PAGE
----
Empty spacetime is flat - it looks exactly like the Minkowski's spacetime of Special Relativity.

In Einstein's geometric General Theory of Relativity, a mass - or equivalently energy - that we place in an region of space will lead to a distortion of space-time, commonly referred to as spacetime curvature.

In curved space-time, there are no straight lines - just as there are no straight lines on the surface of a sphere. The closest we can get to the notion of a straight line is a geodesic, a spacetime curve that is as straight as possible.

The tendency of objects in free-fall along a geodesic to approach or recede from one another, in other words, the fact that the initially parallel geodesics of two  objects deviate from each other - referred to as geodesic deviation, is the signature of a curved spacetime.

Another way of measuring spacetime curvature is by parallel transporting a vector (moving a vector along a path, keeping constant all the while). See the article Riemann curvature tensor part I: derivation from covariant derivative commutator  where we are deriving the curvature by using the covariant derivative commutator.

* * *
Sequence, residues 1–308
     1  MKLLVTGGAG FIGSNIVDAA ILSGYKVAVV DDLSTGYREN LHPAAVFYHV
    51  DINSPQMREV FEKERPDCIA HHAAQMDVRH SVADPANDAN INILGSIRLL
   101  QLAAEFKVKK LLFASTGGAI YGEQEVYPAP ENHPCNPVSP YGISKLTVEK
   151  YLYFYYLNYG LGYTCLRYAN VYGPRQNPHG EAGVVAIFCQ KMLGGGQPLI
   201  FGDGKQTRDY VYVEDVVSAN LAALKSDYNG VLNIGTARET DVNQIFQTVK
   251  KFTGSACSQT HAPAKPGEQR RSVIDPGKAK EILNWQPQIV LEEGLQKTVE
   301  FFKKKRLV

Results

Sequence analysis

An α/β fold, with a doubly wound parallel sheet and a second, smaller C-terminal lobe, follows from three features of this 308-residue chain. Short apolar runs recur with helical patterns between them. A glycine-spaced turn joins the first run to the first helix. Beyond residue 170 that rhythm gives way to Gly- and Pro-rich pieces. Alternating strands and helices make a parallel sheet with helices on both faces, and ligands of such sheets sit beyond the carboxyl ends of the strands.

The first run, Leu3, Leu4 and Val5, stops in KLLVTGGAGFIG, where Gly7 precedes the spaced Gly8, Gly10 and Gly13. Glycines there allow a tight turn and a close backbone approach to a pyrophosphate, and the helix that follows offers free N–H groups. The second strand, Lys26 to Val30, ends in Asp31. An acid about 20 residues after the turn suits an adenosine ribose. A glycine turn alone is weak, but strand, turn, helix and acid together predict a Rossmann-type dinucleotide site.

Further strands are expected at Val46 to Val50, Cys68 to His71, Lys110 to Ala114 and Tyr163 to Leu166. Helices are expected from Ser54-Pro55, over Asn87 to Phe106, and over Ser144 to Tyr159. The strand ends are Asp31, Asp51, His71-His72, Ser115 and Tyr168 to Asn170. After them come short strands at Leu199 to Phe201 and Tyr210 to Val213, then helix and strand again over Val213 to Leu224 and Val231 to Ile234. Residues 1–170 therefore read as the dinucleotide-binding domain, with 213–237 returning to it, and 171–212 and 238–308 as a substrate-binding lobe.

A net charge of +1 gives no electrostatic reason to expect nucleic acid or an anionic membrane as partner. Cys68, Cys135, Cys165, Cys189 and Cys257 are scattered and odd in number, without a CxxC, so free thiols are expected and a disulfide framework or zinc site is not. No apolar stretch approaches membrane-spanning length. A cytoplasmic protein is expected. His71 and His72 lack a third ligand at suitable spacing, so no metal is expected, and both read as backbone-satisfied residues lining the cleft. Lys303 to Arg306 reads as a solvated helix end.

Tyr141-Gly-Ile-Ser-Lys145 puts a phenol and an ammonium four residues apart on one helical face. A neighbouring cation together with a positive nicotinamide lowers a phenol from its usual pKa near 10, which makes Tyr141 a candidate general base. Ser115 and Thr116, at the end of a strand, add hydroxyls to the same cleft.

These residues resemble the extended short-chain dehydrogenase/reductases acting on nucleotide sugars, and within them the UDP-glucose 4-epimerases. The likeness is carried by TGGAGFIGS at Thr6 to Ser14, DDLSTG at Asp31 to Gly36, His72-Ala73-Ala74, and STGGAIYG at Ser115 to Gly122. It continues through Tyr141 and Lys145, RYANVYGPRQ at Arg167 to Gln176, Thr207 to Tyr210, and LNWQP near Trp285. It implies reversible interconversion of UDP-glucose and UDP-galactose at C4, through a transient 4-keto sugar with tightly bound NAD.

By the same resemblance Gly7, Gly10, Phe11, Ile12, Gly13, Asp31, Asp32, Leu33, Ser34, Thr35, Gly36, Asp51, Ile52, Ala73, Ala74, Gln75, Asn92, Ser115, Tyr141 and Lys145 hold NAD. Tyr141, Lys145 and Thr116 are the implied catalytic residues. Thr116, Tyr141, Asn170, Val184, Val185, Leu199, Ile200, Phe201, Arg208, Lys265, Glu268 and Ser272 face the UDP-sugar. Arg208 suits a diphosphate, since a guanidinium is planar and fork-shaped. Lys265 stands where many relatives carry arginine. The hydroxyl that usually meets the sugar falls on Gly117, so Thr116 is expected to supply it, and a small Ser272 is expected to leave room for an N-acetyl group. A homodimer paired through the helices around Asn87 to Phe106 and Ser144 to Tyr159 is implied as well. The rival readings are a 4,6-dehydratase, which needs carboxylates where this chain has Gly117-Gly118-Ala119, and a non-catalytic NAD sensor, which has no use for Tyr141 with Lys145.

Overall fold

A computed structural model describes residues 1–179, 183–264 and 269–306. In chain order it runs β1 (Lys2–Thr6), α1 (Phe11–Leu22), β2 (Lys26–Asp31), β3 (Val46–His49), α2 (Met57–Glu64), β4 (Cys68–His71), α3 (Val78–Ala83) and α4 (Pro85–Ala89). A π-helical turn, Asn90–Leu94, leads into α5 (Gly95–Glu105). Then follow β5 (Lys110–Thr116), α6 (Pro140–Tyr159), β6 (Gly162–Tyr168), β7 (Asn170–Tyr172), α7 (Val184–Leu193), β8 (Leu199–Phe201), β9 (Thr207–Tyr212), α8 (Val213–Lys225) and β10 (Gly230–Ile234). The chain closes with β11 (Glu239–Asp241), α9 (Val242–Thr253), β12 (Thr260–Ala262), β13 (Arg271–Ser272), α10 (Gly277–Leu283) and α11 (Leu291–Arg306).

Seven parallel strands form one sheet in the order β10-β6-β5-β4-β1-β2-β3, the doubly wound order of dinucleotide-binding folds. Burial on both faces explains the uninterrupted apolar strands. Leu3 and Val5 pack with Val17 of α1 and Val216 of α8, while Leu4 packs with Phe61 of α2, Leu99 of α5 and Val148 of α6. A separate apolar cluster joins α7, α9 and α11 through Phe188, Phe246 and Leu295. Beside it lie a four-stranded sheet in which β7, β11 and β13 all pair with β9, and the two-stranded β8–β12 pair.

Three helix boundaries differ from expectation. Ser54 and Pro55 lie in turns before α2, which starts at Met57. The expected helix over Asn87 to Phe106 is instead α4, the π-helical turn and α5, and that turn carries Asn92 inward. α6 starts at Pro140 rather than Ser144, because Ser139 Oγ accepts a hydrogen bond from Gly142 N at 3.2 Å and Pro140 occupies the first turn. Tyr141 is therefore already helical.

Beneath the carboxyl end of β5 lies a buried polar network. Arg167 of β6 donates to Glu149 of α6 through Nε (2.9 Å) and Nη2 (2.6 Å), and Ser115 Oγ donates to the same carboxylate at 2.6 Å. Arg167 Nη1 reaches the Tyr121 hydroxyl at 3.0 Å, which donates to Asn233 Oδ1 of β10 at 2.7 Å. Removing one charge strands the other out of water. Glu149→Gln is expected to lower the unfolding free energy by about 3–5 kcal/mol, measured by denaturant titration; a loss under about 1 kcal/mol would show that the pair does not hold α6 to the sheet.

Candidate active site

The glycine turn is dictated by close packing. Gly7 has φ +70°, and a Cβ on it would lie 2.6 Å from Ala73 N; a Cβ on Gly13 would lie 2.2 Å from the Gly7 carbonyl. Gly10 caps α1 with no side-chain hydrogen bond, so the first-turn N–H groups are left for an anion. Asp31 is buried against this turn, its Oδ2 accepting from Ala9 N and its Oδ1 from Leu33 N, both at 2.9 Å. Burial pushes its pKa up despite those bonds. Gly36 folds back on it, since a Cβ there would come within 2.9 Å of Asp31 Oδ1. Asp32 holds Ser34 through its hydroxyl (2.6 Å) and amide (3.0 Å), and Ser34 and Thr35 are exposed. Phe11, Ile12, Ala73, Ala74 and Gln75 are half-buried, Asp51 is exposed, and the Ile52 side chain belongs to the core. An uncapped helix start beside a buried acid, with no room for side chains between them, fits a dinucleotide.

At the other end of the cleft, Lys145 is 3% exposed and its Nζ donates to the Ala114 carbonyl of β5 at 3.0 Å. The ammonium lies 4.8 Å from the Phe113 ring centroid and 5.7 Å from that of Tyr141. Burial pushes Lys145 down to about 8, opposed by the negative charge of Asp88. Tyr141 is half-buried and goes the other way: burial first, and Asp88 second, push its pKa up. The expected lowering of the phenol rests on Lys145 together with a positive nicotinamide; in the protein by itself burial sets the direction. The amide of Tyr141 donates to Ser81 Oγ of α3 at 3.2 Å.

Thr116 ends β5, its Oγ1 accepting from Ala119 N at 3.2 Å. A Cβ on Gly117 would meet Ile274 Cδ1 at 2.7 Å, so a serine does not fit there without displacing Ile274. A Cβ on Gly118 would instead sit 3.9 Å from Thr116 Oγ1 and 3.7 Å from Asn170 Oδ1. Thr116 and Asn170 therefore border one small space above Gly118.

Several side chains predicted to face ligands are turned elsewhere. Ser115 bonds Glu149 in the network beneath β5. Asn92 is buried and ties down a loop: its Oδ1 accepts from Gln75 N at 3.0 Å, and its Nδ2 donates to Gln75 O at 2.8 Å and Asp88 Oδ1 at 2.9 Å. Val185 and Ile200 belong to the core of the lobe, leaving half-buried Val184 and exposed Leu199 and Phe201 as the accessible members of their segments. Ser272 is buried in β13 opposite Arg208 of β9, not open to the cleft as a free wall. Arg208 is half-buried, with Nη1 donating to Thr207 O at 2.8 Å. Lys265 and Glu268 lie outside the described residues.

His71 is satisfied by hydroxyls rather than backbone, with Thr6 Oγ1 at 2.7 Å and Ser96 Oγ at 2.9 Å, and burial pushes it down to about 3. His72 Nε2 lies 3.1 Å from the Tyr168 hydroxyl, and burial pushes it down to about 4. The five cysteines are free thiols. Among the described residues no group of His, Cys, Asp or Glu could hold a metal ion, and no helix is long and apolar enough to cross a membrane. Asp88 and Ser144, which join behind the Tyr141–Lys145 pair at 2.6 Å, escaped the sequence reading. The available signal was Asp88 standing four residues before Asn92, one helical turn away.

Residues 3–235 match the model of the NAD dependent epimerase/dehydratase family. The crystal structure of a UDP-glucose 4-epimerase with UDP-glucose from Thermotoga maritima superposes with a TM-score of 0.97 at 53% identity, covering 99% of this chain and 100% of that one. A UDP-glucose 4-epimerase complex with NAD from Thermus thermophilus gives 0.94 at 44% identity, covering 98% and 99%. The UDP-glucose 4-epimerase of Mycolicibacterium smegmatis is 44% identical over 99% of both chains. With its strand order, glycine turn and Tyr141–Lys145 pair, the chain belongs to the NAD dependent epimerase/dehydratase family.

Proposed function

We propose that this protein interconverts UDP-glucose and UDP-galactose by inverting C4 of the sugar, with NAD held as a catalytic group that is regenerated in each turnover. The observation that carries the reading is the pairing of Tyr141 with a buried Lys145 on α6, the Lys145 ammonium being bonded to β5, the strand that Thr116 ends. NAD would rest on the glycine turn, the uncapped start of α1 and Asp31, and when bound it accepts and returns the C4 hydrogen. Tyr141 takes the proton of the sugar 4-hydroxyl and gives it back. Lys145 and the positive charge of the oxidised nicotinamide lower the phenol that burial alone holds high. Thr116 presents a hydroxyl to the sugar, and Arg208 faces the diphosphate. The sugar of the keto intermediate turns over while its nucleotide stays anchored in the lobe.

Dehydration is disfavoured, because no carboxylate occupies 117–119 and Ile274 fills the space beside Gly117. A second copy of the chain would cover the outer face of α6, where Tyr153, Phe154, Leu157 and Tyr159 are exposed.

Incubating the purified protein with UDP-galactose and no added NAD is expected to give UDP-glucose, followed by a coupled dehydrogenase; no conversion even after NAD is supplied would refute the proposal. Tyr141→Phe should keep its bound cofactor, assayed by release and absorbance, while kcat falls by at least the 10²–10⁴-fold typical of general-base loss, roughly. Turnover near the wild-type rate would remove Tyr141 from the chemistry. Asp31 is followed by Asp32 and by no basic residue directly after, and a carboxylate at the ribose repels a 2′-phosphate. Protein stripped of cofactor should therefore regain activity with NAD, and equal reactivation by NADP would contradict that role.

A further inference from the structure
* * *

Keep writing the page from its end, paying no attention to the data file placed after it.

Mathematically, this curvature information is encoded into the Riemann tensor: if only one component of this tensor is non-zero, then the corresponding spacetime is curved.

Refer to the article The Riemann curvature tensor part II: derivation from the geodesic deviation for the demonstration.

Refer to the article Newtonian limit to evaluate the spacetime curvature on Earth.

Refer to the legendary Feynman's lecture on Curved Space for a general introduction.